Some of you are shaking your heads wondering if I am sane. I am not late at night. But a gal has to have some fun. I eagerly waited for Match to put up my profile. After all the messages I received from men in Nigeria, Match screened my profile and declined posting it. I am sure I had many key words that sent up a flare to them. Nice to know they do follow through on checking their profiles. I guess they have no control over the correspondence that goes back and forth.
Last month I decided it was time to sell my 79 Corvette Stingray. It was a key character in my book, but after three years I rarely drive it. I thought selling it would be money I could put towards my new shop. I listed the car on Auto Trader, feeling I was in a safe place.
The first, and only, interest came from a gal in England named Chloe. “I’d love to buy your car for my husband as a birthday surprise. He is currently working in Nigeria. If you can guarantee that the car is in good condition, and send me all your Pay Pal information, I will include shipping charges, as well as your full price, and send a shipper to pick up the car.” I know that somehow my Pay Pal account would be in jeopardy, someone might get the car, but I was still in the dark on how this would shake down.
Since I listen to signs from the universe, I decided the universe wants me to keep my car. I deleted the e-mail. I am making an appointment to have a new battery put in the vette (it has been sitting way too long and the battery dead) and I am going to start driving it, leaving my van at home. Perhaps I’ll find that cowboy on my own!
Online dating can be fun. It can be dangerous. I have made it a point if someone wants to use a private e-mail immediately, or wants to instant message me, or if there is anything else that even causes me to question it, I stop in my tracks. It is easy to put up a fake profile. Some dating sites protect their member’s photos from being copied, yet on other sites, you can simply right click a photo, save it, and use it to set up a false identity. Another gal I talked with was writing to a man in South Georgia. He gave her the name of a company where he worked. The name checked out, but when she talked to the man behind the name, he was not the person on the dating site. His identity had been stolen. Always report a profile that is suspicious.
The latest tonight, and yes, I tried again, took me by surprise. I thought I’d heard it all. The man wrote me he thought my profile was nice. His profile was nice, but there was no photo. I did not read all his information, but wrote back, “No photo, no interest.”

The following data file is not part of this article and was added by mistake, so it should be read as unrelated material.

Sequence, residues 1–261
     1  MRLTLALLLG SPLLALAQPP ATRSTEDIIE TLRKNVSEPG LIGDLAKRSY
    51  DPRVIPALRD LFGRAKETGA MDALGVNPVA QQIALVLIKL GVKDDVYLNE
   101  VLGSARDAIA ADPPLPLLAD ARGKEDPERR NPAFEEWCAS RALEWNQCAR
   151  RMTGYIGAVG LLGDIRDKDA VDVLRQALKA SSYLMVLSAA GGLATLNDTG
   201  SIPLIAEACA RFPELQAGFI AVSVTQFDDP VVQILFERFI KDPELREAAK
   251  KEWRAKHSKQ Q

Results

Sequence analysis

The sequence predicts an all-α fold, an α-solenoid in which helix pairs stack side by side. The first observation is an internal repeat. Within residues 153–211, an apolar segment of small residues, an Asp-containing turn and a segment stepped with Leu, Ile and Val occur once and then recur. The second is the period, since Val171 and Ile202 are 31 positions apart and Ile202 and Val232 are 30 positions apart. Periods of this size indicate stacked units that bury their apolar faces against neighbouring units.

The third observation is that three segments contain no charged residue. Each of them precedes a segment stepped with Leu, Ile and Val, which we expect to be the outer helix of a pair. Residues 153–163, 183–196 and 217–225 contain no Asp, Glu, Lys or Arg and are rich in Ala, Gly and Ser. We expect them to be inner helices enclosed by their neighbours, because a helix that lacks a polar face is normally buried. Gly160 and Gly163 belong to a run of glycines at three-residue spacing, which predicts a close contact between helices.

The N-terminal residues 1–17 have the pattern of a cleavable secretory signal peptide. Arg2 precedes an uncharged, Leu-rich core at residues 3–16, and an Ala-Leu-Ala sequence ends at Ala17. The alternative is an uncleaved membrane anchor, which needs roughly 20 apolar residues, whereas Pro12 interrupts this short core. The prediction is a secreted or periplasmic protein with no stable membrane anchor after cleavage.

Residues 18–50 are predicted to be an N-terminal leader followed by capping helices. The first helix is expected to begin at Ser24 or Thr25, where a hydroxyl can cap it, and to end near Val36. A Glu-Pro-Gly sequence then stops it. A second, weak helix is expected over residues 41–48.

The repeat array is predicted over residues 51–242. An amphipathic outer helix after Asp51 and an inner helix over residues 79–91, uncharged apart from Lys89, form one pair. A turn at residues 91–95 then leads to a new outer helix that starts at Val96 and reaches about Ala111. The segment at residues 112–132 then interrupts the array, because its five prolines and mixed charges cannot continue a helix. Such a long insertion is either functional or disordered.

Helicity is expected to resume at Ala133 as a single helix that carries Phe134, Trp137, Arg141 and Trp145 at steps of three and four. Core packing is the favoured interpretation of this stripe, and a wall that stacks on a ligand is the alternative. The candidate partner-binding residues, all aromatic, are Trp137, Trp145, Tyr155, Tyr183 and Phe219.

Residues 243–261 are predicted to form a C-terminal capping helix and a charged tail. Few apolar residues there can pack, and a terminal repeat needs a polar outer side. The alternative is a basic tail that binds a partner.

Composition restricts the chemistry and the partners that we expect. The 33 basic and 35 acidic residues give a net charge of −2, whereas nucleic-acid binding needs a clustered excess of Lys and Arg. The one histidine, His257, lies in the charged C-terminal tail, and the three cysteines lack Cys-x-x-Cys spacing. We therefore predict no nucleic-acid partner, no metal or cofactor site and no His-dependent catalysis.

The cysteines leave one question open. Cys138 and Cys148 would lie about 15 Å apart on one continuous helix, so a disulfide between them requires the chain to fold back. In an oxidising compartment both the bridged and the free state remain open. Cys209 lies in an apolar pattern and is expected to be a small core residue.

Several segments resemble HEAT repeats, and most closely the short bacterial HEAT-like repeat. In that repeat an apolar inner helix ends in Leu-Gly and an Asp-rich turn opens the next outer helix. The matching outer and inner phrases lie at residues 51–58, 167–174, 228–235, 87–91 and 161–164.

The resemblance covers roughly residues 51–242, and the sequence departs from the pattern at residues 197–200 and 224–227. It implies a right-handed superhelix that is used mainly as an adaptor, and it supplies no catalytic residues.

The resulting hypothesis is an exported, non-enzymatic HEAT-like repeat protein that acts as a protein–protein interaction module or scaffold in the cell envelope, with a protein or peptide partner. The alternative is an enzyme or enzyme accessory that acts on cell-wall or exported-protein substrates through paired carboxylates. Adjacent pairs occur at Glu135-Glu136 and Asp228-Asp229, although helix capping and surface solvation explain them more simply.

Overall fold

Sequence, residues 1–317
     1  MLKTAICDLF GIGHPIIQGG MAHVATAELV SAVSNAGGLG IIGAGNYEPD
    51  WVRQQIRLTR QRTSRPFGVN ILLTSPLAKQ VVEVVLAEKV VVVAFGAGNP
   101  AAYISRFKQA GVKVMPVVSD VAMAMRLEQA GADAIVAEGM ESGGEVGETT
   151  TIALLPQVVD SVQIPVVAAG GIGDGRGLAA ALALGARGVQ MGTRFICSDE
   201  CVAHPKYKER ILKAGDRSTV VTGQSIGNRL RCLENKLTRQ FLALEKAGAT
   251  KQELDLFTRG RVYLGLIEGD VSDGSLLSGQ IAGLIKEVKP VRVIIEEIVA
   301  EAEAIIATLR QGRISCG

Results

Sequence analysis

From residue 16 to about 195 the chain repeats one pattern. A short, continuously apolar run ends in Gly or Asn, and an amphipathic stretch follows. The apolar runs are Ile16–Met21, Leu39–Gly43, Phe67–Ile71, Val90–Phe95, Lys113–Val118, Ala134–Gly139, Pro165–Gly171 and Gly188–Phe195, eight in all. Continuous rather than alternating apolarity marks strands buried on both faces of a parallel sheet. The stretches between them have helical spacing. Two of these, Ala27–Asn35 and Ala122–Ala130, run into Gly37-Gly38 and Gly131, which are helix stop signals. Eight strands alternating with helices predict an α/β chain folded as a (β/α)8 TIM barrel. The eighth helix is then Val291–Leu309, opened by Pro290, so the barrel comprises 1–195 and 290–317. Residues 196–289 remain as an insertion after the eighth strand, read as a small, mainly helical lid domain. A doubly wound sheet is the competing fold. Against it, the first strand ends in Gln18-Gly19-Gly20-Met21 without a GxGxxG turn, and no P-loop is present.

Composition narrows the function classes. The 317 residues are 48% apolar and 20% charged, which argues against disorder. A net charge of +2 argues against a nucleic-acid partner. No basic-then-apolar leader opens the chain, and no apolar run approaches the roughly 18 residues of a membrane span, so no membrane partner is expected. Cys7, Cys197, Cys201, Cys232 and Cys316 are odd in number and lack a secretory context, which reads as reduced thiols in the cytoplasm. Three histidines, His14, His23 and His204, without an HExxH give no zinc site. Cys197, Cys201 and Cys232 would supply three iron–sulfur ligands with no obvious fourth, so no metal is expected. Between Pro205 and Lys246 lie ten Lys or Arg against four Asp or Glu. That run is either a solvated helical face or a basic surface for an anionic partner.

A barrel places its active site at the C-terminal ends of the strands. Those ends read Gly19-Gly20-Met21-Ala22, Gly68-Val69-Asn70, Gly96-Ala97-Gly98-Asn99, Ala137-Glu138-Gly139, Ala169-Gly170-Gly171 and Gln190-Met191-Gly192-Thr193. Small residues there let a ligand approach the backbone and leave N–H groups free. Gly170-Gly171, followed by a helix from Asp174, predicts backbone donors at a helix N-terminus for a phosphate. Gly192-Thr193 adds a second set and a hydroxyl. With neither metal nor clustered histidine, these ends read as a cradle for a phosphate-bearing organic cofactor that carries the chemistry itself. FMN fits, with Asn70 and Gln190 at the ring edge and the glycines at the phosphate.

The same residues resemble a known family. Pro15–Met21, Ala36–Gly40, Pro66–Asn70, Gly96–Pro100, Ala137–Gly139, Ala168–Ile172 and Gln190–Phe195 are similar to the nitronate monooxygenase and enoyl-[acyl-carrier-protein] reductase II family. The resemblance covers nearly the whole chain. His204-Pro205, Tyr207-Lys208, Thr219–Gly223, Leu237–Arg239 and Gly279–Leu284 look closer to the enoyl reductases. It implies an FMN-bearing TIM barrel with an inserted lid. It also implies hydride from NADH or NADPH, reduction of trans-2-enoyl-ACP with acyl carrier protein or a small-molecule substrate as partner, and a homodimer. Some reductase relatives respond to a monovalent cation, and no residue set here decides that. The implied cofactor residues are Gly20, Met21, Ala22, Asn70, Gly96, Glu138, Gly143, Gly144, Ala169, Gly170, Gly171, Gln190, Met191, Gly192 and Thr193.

“Did you understand what I wrote?” he replied. I went back and looked at his full profile. It ended with, “My job has me working with an Internet fraud agency, therefore legally I can not post my photo. Please do not ask me to, as I can’t compromise my job.”
True or false? A new one for me. At least he lived in Virginia.
Actually, many of my friends have met their mates through on-line dating services. One did a full background check on her guy before they met in person. She told him about the background check on their first date. He laughed. His sister had run a background check on her. They are now happily married.
I do believe in true romance, so every so often I try online dating again. I never meet single men in real time. My advice to anyone who wants to try the different dating services be alert to warning signs. If a doubt enters your mind, listen to it. Our first reactions are sometimes the best. Never reply to anyone who wants money, personal information too soon, and always meet in a safe place. My rule of thumb when I first started dating as a widow, was to let a friend know who and where I was meeting. I wanted there to be a starting place if I didn’t come home!
One young man I recently talked to about his dating experiences gave me the other side of the story. “I hate to go to a girl’s house without having many dates. You never know what is on the other side of the door when you enter.”
Good to know that sometimes it is a two-way street.
Thinking about dating again at sixty-three is a life scam of its own! But sometimes it feels good to be back in the game!
Barbara Barth, CEO of Life